Floyd E. "Sunny Jim" Orr
Inducted into the American Quarter Horse Hall of Fame in 2016
Floyd E. “Sunny Jim” Orr grew up with a rope in his hand, lassoing anything that moved. At the age of 21, he began a rodeo career in tie-down roping. In 1958, his life changed course.
That’s when his parents bought him an off-the-track racehorse named Tender Boy, a 1955 sorrel stallion with the makings of a good tie-down horse in him. Orr began training the stallion.
Tender Boy quickly became an AQHA Champion, earning points in halter, reining, roping and working cow horse. At the end of 1961, Orr earned an all-around saddle from the Rocky Mountain Quarter Horse Association – the first saddle he had ever won. Tender Boy was also AQHA year-end high-point winner in working cow horse and tie-down roping for 1961.
From 1960 through 1986, when an injury forced his retirement from the saddle, Orr trained horses that could win halter in the morning and perform all day long. Orr was known as a trainer who did everything and trained that versatility into his horses.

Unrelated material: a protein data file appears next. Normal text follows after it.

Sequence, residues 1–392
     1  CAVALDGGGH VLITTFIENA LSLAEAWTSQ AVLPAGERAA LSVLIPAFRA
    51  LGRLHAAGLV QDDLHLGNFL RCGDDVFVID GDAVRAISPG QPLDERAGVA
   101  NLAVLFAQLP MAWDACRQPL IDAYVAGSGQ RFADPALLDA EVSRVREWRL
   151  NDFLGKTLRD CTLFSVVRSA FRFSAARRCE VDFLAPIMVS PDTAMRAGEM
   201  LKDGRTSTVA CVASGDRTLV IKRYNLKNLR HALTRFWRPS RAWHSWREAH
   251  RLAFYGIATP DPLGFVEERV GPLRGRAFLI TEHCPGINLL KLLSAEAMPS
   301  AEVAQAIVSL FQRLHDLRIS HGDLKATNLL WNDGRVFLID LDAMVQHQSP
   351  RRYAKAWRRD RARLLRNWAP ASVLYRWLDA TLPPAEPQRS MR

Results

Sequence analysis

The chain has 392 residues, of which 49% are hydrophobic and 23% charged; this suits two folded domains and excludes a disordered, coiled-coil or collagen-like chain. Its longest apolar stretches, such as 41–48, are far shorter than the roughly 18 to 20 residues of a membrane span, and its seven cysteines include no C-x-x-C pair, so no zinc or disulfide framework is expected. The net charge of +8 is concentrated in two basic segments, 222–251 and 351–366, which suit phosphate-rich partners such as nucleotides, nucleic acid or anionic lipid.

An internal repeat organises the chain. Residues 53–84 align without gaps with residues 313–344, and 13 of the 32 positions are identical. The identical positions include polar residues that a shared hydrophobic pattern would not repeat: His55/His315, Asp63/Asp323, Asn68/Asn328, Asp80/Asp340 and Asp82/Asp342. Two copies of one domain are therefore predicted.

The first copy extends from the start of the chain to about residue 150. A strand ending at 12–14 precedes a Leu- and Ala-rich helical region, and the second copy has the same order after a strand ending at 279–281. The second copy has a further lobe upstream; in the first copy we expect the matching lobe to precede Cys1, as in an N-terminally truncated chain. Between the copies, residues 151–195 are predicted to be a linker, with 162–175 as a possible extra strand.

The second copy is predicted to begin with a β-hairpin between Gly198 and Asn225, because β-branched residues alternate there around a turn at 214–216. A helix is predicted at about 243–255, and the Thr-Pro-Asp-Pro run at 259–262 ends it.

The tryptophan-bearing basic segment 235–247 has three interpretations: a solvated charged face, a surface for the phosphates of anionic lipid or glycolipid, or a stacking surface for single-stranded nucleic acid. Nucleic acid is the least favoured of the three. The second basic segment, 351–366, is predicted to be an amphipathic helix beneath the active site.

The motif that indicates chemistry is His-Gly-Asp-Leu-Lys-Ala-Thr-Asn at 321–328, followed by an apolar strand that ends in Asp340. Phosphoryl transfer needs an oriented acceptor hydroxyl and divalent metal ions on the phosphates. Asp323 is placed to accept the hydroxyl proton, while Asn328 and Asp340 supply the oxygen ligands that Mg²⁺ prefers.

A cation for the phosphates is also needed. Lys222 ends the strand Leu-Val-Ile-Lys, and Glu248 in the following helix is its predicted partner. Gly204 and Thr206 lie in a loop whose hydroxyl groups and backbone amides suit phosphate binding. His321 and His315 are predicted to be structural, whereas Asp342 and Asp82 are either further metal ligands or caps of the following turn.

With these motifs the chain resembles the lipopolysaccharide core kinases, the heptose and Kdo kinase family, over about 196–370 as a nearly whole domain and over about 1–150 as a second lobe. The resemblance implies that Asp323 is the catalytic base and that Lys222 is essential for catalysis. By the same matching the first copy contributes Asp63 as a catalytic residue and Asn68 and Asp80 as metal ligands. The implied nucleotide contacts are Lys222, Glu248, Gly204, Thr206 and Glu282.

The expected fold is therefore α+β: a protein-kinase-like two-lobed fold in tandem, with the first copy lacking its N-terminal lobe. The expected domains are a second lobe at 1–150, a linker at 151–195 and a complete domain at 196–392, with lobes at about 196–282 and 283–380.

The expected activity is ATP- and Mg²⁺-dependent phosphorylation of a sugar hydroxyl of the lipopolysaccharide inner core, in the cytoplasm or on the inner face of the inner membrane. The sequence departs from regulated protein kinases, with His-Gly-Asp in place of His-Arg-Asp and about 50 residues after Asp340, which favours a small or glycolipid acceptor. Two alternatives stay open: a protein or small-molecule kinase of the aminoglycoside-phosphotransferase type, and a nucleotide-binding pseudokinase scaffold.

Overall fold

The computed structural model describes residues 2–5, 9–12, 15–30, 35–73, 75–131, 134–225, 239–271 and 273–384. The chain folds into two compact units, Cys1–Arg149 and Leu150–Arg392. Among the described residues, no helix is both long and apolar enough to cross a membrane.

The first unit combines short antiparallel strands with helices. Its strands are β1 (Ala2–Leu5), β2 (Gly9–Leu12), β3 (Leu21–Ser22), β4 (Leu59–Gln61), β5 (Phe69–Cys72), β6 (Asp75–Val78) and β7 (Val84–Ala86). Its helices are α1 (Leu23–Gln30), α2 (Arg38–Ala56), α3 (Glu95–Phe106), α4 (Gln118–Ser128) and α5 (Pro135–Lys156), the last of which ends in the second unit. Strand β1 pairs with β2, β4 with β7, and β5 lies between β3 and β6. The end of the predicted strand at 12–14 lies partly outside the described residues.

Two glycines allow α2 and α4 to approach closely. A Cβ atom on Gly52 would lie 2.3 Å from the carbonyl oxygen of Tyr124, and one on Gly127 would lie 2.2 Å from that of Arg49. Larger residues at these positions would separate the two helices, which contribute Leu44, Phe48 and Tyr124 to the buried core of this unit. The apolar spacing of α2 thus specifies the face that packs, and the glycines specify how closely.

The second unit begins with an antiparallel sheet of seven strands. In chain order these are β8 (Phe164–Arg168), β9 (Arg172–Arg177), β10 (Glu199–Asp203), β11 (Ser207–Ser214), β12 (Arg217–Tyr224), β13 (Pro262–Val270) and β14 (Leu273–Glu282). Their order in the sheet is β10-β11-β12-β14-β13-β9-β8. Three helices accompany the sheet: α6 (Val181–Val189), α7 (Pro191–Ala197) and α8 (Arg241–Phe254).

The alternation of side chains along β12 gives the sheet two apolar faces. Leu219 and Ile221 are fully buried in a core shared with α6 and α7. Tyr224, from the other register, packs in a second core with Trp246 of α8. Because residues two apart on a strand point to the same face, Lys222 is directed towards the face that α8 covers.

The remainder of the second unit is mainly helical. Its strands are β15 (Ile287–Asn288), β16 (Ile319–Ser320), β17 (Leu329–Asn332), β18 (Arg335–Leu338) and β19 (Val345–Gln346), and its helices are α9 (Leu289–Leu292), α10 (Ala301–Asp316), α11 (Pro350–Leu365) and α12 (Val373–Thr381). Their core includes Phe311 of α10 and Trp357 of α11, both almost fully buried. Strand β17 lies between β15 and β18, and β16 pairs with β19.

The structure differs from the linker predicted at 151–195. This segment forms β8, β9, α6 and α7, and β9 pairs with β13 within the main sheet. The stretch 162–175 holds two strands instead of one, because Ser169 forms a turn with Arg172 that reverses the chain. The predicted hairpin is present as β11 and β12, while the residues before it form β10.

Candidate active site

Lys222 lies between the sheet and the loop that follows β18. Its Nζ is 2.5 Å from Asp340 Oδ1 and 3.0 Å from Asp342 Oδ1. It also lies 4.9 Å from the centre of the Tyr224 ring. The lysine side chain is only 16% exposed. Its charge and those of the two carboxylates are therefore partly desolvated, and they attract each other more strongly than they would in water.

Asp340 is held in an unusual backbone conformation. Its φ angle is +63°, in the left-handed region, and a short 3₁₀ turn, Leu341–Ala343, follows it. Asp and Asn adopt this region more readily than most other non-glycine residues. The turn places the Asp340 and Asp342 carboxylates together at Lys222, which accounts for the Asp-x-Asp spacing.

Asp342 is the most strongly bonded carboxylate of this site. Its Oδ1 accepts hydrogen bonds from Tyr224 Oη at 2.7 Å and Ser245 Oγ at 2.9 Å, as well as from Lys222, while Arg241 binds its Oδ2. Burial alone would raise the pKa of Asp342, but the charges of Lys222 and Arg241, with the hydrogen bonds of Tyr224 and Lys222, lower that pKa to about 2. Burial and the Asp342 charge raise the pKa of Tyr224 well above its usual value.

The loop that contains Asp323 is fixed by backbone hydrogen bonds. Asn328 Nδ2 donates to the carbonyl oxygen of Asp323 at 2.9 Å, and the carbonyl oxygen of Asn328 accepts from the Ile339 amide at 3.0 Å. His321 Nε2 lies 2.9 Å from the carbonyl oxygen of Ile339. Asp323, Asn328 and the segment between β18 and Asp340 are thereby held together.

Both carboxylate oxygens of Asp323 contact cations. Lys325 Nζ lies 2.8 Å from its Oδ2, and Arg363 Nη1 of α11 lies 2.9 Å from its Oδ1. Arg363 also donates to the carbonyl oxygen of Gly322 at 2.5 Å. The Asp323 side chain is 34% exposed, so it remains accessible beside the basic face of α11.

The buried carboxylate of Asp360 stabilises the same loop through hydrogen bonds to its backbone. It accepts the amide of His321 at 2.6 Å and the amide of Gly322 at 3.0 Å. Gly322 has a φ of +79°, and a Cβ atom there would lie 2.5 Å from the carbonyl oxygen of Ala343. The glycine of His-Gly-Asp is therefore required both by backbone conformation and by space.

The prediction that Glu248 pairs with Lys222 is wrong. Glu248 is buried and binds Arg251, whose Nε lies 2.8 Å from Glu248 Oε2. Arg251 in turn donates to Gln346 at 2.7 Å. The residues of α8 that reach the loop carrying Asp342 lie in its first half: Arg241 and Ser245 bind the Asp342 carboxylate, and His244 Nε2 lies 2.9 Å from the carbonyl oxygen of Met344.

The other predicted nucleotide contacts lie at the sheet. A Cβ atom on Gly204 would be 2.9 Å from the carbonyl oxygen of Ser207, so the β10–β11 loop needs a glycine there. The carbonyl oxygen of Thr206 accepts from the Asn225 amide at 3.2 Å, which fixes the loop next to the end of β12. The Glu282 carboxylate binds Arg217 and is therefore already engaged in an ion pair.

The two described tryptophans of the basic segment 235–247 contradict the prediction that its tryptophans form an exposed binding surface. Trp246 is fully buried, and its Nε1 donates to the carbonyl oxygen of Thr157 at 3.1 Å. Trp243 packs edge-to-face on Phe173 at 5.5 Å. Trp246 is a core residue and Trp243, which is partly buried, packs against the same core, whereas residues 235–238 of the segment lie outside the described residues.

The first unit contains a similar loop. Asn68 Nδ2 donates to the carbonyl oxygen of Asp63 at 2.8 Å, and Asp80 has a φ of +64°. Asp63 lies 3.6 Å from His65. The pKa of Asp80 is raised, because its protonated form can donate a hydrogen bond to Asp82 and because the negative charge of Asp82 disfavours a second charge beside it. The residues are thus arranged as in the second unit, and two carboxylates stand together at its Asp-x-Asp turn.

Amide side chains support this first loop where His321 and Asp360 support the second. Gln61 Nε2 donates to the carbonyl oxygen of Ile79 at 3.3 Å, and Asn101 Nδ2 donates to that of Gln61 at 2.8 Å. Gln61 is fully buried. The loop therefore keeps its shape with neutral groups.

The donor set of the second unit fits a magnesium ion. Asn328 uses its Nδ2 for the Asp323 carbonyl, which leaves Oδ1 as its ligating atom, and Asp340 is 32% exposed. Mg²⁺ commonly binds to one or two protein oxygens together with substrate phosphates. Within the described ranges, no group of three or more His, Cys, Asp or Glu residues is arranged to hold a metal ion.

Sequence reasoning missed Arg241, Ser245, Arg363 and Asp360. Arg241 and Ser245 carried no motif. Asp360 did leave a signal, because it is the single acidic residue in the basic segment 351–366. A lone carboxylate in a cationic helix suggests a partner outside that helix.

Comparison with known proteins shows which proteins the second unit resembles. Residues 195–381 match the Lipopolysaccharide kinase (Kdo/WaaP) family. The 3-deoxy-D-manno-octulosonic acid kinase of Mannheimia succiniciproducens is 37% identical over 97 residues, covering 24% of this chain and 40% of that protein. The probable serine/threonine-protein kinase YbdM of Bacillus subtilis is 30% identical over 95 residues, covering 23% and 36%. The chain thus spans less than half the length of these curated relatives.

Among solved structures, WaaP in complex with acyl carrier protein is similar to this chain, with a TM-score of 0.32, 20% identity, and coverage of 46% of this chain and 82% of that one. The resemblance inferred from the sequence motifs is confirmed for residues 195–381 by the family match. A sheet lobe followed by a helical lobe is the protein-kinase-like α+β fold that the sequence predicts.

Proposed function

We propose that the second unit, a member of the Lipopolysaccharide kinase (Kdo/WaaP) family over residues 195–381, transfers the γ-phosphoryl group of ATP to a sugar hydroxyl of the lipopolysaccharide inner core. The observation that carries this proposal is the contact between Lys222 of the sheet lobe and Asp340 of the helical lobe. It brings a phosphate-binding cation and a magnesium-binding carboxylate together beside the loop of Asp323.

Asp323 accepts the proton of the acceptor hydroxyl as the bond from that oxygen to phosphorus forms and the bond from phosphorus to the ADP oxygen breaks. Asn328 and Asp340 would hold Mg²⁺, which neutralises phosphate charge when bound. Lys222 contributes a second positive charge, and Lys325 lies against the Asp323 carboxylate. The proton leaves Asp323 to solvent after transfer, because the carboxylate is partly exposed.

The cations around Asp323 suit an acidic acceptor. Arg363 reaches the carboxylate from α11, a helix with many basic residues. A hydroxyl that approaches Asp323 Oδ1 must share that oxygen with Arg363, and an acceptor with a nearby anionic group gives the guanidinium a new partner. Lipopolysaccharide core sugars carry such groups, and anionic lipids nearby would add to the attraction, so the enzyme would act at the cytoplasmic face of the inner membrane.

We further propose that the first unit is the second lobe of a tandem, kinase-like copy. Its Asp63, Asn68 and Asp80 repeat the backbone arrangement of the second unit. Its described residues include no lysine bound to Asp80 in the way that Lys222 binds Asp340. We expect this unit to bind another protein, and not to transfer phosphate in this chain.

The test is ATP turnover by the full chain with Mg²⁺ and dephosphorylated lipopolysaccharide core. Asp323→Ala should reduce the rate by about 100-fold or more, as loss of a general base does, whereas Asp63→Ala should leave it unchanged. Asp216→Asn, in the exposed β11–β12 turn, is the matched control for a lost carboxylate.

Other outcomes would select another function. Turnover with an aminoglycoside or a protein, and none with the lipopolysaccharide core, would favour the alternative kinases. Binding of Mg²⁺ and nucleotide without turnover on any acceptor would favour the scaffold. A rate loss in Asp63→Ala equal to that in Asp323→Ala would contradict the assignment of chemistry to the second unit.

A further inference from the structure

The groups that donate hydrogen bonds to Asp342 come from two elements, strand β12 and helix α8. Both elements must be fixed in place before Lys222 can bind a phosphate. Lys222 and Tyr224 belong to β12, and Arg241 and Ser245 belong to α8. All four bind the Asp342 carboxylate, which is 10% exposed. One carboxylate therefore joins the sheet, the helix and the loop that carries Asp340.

In 1979, Orr rode Diamonds Sparkle to the Superhorse title at the AQHA World Championship Show for then-owner Richard Steward, riding the Hall of Fame-bound mare in all her classes himself. One year later, Orr almost did it again, earning the reserve Superhorse title with another mare, Eighteen Letters, owned by Sally Schwartz of Raton, New Mexico.
Orr also showed Tender Boy’s offspring to AQHA Champion titles. In all, Orr-bred horses earned 1,449.5 points in all divisions and earned $57,521 in the National Cutting Horse Association.
After retirement from the show ring, Orr focused on training amateurs to succeed. He was an AQHA judge for 16 years, judging the first AQHA World Show in Louisville, Kentucky, in 1974.
“I’d like to be remembered as a man who was not only a trainer but a horseman,” he said.